From an elite London gentleman’s club to a genteel Scottish estate, scandal becomes a family affair in this dazzling tale of deception and unexpected love . . .
Miss Miranda is not really a Miss, exactly. Nor is her name Miranda, exactly. But to escape her tyrannical duke of a father, changes were required. Now in the Scottish countryside, employed by her new brother-in-law’s unsuspecting friend, Heathcliff Marston, Viscount Kilpatrick, Miranda feels safe—except for the danger of falling in love. And the Viscount’s broad shoulders and seductive brogue are no help at all. Certainly, a peer of the realm would never entertain a dalliance with the help . . . And definitely not kiss the help . . . Except this Viscount isn’t a typical peer of the realm . . .
Between managing Temptations and his newly acquired ward, the last thing Heathcliff needs is investigators inexplicably hounding him about the whereabouts of some duke’s runaway daughter. At least he’s secured a governess—no doubt a sour woman. Or so he expects, until he meets intriguing Miranda. Now Heathcliff is the one faced with temptation. But there’s more to lovely Miranda than meets the eye—a truth that could change the course of all their futures . . .
Praise for Kristin Vayden’s Heart of a Cowboy
“Obsessed. That’s how I felt while reading this book, like every page was better than the previous. Just try to put this down, I dare you.”
—#1 New York Times bestselling author Rachel Van Dyken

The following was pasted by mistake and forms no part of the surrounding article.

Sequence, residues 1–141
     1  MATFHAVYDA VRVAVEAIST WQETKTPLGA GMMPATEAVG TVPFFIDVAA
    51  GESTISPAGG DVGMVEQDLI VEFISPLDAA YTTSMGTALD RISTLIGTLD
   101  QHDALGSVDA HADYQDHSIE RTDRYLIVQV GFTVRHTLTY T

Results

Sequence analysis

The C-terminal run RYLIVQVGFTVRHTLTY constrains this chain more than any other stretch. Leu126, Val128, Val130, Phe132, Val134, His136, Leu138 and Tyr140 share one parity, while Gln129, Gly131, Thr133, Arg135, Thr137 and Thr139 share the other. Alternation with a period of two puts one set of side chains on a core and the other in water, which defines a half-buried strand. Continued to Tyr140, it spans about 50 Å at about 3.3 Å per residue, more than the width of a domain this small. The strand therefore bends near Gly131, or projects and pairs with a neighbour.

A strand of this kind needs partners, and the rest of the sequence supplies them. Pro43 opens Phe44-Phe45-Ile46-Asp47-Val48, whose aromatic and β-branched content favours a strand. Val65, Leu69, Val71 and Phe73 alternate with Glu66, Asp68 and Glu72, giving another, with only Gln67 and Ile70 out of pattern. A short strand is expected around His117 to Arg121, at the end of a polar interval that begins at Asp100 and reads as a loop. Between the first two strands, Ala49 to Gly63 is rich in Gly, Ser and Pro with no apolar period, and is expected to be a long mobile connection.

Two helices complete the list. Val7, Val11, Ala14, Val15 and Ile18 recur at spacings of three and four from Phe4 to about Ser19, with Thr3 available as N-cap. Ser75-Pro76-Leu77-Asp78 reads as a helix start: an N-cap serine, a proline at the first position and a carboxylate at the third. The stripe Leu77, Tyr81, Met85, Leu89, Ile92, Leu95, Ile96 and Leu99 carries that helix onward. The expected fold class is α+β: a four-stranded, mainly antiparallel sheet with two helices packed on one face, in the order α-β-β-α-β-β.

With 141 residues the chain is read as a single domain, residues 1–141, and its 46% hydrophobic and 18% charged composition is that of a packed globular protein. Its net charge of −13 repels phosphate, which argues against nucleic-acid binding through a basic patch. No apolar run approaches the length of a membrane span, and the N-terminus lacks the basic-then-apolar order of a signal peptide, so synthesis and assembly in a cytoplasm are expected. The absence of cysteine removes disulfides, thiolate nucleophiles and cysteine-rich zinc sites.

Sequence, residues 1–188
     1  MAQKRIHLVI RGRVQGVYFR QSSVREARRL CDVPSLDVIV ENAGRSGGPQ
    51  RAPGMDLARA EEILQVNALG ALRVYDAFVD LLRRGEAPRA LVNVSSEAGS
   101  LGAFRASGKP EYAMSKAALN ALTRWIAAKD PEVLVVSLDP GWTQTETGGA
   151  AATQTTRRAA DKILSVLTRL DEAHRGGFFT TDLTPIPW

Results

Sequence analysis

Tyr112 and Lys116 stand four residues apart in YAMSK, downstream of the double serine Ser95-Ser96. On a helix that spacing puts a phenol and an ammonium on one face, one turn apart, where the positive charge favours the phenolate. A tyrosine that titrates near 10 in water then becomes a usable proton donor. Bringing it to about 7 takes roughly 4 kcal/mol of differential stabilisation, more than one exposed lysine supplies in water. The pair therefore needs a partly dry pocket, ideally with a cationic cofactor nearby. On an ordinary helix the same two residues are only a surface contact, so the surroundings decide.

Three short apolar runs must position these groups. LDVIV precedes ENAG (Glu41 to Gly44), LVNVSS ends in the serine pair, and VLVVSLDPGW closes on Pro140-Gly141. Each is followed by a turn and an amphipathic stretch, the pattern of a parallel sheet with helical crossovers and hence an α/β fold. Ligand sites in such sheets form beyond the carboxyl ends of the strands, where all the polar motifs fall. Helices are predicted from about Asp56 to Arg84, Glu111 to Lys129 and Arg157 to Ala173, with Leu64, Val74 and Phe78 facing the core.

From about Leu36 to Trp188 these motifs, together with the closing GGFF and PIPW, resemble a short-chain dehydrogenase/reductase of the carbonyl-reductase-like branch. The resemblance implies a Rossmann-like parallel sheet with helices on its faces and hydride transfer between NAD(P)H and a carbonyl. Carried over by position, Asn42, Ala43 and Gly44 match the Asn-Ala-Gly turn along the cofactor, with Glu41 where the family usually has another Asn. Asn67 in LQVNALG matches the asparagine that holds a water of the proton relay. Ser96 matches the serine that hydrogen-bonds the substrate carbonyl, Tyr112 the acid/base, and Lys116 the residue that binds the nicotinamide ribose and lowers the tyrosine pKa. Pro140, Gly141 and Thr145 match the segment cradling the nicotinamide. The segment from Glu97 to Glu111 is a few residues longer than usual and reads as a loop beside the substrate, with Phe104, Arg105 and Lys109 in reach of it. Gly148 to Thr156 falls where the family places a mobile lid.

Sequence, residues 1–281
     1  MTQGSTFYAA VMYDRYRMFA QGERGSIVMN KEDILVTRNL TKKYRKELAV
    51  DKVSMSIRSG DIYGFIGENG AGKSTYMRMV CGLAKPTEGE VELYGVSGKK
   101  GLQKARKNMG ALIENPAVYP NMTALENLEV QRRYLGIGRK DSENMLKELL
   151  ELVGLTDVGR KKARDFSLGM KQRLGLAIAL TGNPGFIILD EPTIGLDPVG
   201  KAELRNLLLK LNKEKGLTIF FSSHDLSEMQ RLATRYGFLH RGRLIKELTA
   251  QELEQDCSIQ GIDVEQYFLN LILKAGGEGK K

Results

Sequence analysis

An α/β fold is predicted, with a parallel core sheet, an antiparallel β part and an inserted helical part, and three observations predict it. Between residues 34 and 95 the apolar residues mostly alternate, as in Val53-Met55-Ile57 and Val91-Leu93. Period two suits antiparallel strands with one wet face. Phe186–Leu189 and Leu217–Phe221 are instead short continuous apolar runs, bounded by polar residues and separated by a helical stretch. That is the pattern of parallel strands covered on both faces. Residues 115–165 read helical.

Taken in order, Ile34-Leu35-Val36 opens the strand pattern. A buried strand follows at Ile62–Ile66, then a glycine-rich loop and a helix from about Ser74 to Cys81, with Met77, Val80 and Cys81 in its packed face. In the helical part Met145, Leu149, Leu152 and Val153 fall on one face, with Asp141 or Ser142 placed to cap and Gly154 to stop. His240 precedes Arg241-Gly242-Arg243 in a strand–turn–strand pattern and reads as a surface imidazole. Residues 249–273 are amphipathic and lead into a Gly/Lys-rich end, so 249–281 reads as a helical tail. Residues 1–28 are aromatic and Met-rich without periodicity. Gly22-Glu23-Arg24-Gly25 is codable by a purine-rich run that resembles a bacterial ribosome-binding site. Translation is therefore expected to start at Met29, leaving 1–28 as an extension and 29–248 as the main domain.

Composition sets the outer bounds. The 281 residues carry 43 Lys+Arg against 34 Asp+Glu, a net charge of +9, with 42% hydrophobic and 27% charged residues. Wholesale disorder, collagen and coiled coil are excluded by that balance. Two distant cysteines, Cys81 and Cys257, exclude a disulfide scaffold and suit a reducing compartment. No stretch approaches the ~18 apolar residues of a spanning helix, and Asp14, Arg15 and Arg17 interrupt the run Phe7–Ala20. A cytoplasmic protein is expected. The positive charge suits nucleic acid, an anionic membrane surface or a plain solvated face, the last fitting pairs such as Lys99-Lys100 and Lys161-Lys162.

This tepid follow-up to Falling from His Grace, set in Regency-era Edinburgh, lacks the luster of its predecessor, and the romance is so thin, it's almost nonexistent. Lady Samantha Chatterworth uses a false identity to shield herself from being found by her overbearing father, a duke who's determined to force her into a loveless marriage. She becomes governess to the ward of Heathcliff Marston, Viscount Kilpatrick, and immediately charms Heathcliff with her intellect and beauty. Heathcliff has been deceived by a woman in the past, and he vows not to get too attached to "Miss Miranda," despite the rush he gets every time they kiss. He feels there's nothing wrong with some fun as long as everyone involved keeps it in perspective. When Heathcliff learns that Miss Miranda is really the sister of his best friend's wife, instead of feeling betrayed, he accepts her motives and agrees to continue to aid her, but he's much less willing to have an affair with a highborn lady than he was with a governess. When her father's men catch up to her, Heathcliff offers marriage as a form of protection. The romance has a lot of potential but is bogged down in unnecessary details of other events. Iris, Heathcliff's ward, provides some shine, but her vivaciousness is not enough to carry the story. Those who enjoyed the previous book will find this one disappointing.